Lazy Man says
I tried to make that point towards the end of the article. I don’t know if Radical Personal Finance covered it, but it seems the value of PayPal shares were allegedly substantially below what they should been allowing him to stuff more than he allegedly should have been able to do. I say “allegedly”, because the expert that ProPublica cited seemed to speak on higher authority. I wouldn’t presume innocence here, because it looks like an uninvestigated crime in my opinion. It’s legal to put shares of private stock in a Roth IRA, but they have to priced appropriately it seems.
The press didn’t go out to look (or loom) at anyone’s tax information. They were sent it from an anonymous whistleblower. It’s definitely reasonable for them to look at whistleblower information. It’s less reasonable for them to publish articles based on it, but they explained quite well why they made the difficult decision on their website. I suggest everyone give it a read. (I covered it the first time I wrote about the ProPublica tax story.)
I invested in risky stocks in my Roth IRA when I was young. It didn’t work out because those investments tanked. It could have gone either way. You don’t hear from people who lost money in their Roth IRA.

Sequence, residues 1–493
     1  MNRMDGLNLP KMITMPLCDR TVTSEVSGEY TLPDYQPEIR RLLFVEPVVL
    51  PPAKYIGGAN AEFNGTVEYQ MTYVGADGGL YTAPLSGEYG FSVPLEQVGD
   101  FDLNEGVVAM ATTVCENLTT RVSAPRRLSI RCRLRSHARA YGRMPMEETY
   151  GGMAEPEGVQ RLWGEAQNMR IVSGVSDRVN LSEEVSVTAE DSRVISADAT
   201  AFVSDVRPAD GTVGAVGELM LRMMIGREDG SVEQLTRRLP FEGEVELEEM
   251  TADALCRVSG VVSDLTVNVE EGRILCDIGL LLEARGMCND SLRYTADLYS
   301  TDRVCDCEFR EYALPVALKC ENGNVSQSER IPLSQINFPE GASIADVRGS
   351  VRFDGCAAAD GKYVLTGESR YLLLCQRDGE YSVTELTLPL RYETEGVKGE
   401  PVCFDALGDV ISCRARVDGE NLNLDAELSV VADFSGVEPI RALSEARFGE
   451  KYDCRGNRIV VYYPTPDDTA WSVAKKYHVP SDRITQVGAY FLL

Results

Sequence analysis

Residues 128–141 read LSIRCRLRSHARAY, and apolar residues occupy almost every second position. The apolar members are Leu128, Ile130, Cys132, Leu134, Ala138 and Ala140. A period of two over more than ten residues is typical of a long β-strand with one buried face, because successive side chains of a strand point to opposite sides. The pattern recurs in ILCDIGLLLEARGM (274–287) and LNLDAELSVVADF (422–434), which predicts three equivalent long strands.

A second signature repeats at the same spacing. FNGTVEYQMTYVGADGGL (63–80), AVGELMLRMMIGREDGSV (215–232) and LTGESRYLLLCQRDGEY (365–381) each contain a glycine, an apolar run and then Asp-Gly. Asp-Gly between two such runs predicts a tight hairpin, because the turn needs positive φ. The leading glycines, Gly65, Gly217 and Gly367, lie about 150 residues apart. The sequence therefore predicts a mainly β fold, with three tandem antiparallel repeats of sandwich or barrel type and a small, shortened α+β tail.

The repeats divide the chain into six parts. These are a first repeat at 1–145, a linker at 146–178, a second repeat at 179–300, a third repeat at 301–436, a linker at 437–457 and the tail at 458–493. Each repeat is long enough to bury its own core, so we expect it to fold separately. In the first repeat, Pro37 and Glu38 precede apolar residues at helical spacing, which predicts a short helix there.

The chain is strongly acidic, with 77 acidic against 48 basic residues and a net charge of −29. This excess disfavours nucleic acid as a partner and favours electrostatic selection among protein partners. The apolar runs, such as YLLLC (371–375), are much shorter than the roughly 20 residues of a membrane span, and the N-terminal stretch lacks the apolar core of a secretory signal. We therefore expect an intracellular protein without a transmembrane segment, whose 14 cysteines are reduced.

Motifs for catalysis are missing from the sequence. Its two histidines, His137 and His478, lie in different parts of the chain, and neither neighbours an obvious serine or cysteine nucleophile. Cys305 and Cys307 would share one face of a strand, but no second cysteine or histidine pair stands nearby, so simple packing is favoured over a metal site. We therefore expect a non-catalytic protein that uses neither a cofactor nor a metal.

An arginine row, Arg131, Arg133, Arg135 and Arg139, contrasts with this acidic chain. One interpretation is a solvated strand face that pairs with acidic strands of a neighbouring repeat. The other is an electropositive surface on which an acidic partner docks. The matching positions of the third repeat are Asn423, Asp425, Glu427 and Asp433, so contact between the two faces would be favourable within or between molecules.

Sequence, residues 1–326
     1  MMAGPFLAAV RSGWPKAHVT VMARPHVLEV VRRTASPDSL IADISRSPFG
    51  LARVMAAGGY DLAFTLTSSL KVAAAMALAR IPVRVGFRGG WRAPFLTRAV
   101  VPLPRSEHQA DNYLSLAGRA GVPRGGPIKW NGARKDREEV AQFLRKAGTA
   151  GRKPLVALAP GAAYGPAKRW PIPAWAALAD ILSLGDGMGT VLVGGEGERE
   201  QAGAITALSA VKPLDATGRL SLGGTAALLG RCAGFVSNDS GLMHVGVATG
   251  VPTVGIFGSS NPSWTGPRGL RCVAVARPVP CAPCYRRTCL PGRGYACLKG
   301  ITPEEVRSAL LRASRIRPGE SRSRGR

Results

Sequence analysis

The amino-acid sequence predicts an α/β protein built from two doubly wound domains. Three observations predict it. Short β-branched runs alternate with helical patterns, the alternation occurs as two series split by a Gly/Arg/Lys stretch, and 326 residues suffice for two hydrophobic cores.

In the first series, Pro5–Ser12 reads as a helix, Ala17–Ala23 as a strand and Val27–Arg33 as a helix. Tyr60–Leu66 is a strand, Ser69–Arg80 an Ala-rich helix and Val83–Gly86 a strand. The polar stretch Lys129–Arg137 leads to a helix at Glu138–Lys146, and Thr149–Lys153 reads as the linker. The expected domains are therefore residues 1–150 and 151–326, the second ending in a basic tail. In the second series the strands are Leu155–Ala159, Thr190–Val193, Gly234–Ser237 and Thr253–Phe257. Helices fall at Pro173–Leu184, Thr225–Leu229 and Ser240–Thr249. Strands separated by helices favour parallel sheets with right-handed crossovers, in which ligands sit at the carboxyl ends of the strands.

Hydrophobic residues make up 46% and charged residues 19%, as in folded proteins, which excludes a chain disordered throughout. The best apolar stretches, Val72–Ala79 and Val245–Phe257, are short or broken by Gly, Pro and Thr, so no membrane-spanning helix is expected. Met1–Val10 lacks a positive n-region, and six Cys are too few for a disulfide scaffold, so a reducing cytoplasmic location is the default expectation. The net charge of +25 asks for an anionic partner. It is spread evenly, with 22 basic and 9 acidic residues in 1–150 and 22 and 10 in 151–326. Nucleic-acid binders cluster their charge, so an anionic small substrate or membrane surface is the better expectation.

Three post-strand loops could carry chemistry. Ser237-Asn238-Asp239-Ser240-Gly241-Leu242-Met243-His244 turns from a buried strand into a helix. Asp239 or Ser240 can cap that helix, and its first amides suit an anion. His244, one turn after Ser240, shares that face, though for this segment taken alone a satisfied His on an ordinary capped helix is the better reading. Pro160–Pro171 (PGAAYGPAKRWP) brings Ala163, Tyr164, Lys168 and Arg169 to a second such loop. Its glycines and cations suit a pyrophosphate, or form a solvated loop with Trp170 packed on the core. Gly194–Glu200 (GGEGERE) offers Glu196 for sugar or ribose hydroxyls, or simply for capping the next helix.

Impersonal Finances says
Seems like there should be a limit to the amount of money you are allowed to carry in a Roth, to prevent this scenario. I am all about chasing outsized gains in a Roth but the value of those shares at the initial purchase price definitely raises eyebrows. I tried to capitalize on the meme craze in my Roth with a small AMC investment and sold for a 50% loss… had I just waited a couple months it would have been a 5x gain haha.
Their are a lot of scandals out there with IRAs and it would be nice to have a list of YouTube channels that I can follow that teaches on how to avoid these kind of pitfalls.
Nancy Jones says
The idea that people were somehow cheated out of the benefits of the taxes he “should” have paid is a classic wannabe argument that completely ignores the huge risk he took when he did the things that made it possible for him to make that money. And millions of people DO reap the benefits of the thing he created, making it so much easier to do business online. It’s hard to put a dollar value on that, and ProPublica won’t even try.
Lazy Man says
Jeff Bezos took a huge risk to make his money too. The issue isn’t about that at all. It’s about whether those gains should be taxes. Jeff Bezos, Warren Buffett, etc. are all taxed. Thiel seems to be unique because he stuffed what appeared to be an artificially low-priced asset into a Roth IRA to escape taxes on what appears to be billions of dollars.
It’s a very notable difference – the whole point of the ProPublica article.